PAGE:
Fengshan County

Fengshan County (simplified Chinese: 凤山县; traditional Chinese: 鳳山縣; pinyin: Fèngshān Xiàn; literally: 'phoenix mountain', zhuang: Fonghsan Yen) is a county of Guangxi, China. It is under the administration of Hechi City.

Fengshan County

凤山县
Peak-cluster depressions
Fengshan
Location in Guangxi
Coordinates: 24°33′N 107°03′E
CountryPeople's Republic of China
RegionGuangxi
Prefecture-level cityHechi
County seatFengcheng (凤城镇)
Area
  Total1,743 km2 (673 sq mi)
Elevation
484 m (1,588 ft)
Population
 (2009)
  Total215,000
  Density120/km2 (320/sq mi)
Time zoneUTC+8 (China Standard)
Postal code
547600
Area code(s)0778
Websitewww.gxfsx.gov.cn

Administrative divisions

Fengshan has one town, Fengcheng (凤城镇), and ten townships:

  • Paoli (袍里乡)
  • Zhaiya (砦牙乡)
  • Changzhou (长洲乡)
  • Qiaoyin (乔音乡)
  • Lintong (林峒乡)
  • Jinya (金牙瑶族乡)
  • Gengsha (更沙乡)
  • Zhongting (中亭乡)
  • Pingle (平乐瑶族乡)
  • Jiangzhou (江洲瑶族乡)

Geography

Fengshan County is located in the northwest of Guangxi. The county takes its name from the shape of the mountain range in this region, which resembles a phoenix spreading its wings. The county is situated on a variety of geological formations, including karst, which is a landscape formed from the dissolution of soluble rocks—including limestone, dolomite and gypsum—and is characterized by sinkholes, caves and underground drainage systems. Karst is a rare formation seen in only a few locations worldwide.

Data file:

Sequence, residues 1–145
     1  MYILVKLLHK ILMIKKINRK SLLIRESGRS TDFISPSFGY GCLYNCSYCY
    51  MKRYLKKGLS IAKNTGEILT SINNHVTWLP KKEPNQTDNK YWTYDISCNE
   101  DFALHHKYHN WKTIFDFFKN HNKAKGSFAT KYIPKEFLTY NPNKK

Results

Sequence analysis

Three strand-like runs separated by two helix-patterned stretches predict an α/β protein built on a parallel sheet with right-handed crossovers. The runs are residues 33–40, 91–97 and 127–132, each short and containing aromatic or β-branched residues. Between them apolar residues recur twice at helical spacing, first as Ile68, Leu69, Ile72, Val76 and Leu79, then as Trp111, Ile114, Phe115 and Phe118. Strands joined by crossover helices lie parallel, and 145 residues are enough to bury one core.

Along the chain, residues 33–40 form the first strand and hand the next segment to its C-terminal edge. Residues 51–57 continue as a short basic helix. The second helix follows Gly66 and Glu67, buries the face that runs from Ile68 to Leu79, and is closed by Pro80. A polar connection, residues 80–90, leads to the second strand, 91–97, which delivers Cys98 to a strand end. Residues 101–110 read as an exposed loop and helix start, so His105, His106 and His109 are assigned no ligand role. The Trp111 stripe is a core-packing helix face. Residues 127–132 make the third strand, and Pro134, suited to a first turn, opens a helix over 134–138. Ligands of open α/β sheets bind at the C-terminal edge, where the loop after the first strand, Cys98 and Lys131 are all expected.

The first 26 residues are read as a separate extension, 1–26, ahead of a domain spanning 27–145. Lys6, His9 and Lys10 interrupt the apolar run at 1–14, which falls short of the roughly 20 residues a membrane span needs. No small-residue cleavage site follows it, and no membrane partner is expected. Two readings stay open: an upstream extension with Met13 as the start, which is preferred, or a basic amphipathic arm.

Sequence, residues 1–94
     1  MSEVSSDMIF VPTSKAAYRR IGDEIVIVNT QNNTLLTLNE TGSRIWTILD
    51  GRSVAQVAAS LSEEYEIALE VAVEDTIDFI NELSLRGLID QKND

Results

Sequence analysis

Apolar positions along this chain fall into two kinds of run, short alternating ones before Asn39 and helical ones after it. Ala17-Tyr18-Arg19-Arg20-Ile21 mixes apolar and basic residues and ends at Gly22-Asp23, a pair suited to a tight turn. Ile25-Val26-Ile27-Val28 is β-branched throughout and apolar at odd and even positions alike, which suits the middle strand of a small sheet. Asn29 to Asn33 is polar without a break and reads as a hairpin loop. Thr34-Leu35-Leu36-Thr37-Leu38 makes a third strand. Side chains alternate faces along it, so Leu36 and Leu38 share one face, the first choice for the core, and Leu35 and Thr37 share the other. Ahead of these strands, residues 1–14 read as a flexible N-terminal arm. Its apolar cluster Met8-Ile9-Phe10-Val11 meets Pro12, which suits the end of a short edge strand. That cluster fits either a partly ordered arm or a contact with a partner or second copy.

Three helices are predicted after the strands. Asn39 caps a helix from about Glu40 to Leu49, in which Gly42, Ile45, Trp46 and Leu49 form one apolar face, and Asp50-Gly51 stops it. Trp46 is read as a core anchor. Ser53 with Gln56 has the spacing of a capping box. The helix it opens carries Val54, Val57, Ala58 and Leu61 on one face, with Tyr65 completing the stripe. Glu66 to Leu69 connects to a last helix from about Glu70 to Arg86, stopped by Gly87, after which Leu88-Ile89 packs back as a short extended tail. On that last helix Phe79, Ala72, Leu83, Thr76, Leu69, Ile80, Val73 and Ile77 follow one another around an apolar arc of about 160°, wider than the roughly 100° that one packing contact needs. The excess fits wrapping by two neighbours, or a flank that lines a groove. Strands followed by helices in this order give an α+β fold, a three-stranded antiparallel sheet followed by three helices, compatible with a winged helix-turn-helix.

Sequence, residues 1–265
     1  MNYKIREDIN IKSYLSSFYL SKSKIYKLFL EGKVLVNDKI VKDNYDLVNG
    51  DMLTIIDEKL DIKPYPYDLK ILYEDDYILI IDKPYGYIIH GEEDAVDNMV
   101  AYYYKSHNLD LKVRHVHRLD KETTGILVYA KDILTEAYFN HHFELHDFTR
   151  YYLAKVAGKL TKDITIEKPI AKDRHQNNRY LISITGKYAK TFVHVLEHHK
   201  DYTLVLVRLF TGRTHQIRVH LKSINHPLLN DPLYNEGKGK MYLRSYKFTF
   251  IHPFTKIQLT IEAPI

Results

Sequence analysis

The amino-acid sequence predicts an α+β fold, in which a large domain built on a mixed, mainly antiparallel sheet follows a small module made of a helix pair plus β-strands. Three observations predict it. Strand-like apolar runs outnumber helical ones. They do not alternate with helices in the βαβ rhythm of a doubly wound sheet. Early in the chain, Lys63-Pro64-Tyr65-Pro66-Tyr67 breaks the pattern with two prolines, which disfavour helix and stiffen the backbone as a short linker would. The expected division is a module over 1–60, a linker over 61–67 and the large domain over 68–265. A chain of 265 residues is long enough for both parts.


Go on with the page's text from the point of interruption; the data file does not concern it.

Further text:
Geographic features

Fengshan County lies on the eastern fringe of the Yunnan-Guizhou Plateau and the terrain follows a northwest to southeast direction. 70% of the area, 1,738 square kilometres (671 sq mi), is covered by karst and arable land. The area has a subtropical monsoon climate with an average yearly temperature of 20 degrees Celsius.

Mineral resources

Fengshan County possesses mineral resources such as gold, pyrite, sulphur, limonite and copper. The pyrite reserves are estimated to be about 7,083 tons with an average grade of 17%.

Karst resources

Fengshan has been described as the "kingdom of karst and the city of caves." There are more than 20 karst land formations such as huge caves, underground rivers, depressions, karst poljes, and sinkholes. According to statistics, there are 50 caves with chambers having an area of more than 2000 square meters and 19 caves with chambers that have an area that exceeds 10,000 square meters.

The largest caves are the Jiangzhou Underground Corridor, Mawangdong Cave and Gatundong Cave.

Jiangzhou Underground Corridor consists of many smaller caves, shafts and underground rivers. The corridor is 37,939 km (23,574 mi) and has an average slope gradient of 9°. The cave was developed in the Permian Period.

Jiangzhou Underground Corridor is rich in curly crystals, vast sparkling terraces, and colossal stalactites and stalagmites. It has 25 caverns, each having an area of between 4000-18500 square meters.

Landforms

Mawangdong Cave